A south-west teacher desperate to return to work is concerned she won't be able to do so because her National Disability Insurance Scheme funding has been slashed.
Alison Coate-Kibeiks, 44, suffered an ischemic stroke four years ago.
Her partner recognised signs of a stroke when Ms Coate-Kibeiks woke and immediately called an ambulance.
Ms Coate-Kibeiks was rushed to the Royal Melbourne Hospital in a critical condition.
She was in hospital for two weeks before being moved to a rehabilitation facility.
In the months after her stroke, Ms Coate-Kibeiks had very little mobility.
She was using a motorised wheelchair for a long period of time.
"At the start I needed a person on each side of me to support me upright on the side of a bed," she said.
"I still have no movement or function in my left hand but I'm quite mobile over different surfaces.
"However, I use a stick and ankle brace."
Ms Coate-Kibeiks has undergone occupational therapy, physiotherapy and exercise physiology to aid in her recovery.
In the first year after the stroke, her NDIS funding covered the cost of treatment, as well as four hours of community support per week.
However, Ms Coate-Kibeiks said her NDIS budget had been slashed and she no longer had access to the amount of therapy she needed to return to work.
She said she had inquired about extra funding to return to work but had so far been unsuccessful in obtaining any.
"Considering a major goal of mine is to return to work, I feel NDIS has let me down with funding because I can't afford any more OT support," she said.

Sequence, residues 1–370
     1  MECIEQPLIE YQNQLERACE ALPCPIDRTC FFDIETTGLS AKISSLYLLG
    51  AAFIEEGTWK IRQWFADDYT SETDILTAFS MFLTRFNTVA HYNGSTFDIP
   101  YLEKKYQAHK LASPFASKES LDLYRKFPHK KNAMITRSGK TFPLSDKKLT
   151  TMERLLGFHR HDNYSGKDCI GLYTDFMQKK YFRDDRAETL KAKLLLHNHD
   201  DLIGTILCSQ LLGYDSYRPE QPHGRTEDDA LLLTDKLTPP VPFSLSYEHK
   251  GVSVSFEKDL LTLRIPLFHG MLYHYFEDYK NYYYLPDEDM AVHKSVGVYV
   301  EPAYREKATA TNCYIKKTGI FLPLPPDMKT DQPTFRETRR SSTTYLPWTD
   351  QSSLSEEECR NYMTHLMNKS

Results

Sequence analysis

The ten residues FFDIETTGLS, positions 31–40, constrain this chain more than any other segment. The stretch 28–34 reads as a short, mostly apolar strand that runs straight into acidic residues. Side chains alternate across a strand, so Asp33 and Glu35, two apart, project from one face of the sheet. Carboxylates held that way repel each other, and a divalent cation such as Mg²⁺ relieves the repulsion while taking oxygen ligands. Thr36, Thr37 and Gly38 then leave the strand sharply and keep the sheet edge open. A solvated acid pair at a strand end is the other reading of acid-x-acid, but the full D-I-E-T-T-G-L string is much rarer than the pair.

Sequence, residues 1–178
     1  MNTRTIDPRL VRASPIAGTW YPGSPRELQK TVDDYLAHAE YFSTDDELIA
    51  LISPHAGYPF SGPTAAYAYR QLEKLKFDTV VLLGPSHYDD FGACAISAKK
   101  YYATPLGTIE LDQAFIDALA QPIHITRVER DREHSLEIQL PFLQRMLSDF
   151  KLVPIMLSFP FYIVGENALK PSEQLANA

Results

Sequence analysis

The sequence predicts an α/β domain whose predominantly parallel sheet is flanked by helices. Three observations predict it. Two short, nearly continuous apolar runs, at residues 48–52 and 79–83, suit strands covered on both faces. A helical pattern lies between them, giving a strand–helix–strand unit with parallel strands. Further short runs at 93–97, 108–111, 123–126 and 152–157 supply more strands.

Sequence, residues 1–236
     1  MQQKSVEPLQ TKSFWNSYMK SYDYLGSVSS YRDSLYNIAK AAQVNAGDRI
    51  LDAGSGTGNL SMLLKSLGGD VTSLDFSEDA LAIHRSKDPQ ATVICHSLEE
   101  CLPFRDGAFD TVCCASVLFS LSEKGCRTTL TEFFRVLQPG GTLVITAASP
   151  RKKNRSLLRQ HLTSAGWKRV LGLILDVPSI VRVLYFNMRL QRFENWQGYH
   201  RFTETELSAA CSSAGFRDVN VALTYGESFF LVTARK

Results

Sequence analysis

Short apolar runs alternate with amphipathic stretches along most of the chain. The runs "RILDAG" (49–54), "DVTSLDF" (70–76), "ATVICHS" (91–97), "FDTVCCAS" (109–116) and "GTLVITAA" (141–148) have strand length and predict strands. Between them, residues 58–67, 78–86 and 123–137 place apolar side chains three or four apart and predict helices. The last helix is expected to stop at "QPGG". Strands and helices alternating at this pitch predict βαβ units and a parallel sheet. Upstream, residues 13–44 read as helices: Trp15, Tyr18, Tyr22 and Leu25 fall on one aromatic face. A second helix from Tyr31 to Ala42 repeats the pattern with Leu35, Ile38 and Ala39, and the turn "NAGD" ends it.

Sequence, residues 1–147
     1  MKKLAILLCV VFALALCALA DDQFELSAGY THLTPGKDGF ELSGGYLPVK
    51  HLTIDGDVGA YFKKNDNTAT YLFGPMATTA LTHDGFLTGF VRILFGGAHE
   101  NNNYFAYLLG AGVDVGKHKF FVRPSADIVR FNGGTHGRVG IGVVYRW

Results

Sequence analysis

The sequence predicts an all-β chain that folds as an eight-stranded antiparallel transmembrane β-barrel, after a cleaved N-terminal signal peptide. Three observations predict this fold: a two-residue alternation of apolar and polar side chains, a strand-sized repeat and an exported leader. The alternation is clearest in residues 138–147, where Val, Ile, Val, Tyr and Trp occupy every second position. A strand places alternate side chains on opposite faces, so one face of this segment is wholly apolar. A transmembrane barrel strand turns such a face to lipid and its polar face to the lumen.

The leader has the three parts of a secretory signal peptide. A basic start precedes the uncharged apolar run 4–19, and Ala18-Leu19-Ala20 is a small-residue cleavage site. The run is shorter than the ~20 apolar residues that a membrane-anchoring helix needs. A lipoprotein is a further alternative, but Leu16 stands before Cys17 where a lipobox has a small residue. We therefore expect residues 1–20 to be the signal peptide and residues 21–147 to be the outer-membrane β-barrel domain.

Ms Coate-Kibeiks said she considered herself lucky because she was able to advocate for herself after her stroke.
"I was lucky that my brain injury didn't affect me cognitively and I have been able to do a lot of work to apply for funding myself," she said.
"I worry that people who don't have the cognitive ability or anyone to advocate for them will be affected significantly.
"I feel very capable of advocating for myself and I'm having such difficulty, so I worry about people who don't have the ability to advocate for themselves."
Ms Coate-Kibeiks said she was grateful for the NDIS funding, but was concerned other people wanting to return to work will be in the same boat as her.
A National Disability Insurance Agency spokeswoman said the department had contacted Ms Coate-Kibeiks.
"The National Disability Insurance Agency has been in contact with Alison to discuss her concerns and will continue to work with her to ensure she continues to receive the disability-related supports she needs," the spokeswoman said.
"The NDIA understands the challenges posed by changes to a participant's plan and is focused on ensuring participants receive the required disability-related supports for their individual circumstances, such as returning to work.
"Participants can request to change their plan at any time. The participant's NDIA planner, support coordinator or local area coordinator can work with them to make sure they get the right evidence to support their request."
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